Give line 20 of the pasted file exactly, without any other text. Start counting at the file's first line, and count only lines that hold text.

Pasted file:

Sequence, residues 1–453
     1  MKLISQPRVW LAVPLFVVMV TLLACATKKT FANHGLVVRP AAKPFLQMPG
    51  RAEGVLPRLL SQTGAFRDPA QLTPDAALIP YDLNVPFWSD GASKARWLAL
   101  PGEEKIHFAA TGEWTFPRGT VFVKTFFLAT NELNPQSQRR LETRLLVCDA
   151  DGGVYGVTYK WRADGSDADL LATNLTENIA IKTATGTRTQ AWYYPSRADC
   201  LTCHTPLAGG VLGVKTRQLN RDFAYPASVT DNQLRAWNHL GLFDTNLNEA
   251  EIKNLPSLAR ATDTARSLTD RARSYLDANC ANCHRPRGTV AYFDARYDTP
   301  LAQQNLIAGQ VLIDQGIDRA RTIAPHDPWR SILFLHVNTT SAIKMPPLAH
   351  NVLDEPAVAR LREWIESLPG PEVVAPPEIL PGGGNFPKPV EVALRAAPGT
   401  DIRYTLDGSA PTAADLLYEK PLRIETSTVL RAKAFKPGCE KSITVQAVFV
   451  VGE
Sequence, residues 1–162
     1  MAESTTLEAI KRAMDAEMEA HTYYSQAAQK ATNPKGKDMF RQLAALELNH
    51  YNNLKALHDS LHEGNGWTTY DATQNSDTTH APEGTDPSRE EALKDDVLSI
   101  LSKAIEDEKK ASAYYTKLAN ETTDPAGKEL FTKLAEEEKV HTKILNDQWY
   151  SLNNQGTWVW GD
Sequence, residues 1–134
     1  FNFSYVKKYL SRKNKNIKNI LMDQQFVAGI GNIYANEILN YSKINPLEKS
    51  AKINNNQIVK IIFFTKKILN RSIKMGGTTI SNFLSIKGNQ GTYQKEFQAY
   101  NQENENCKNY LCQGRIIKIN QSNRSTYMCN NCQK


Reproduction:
   101  NQENENCKNY LCQGRIIKIN QSNRSTYMCN NCQK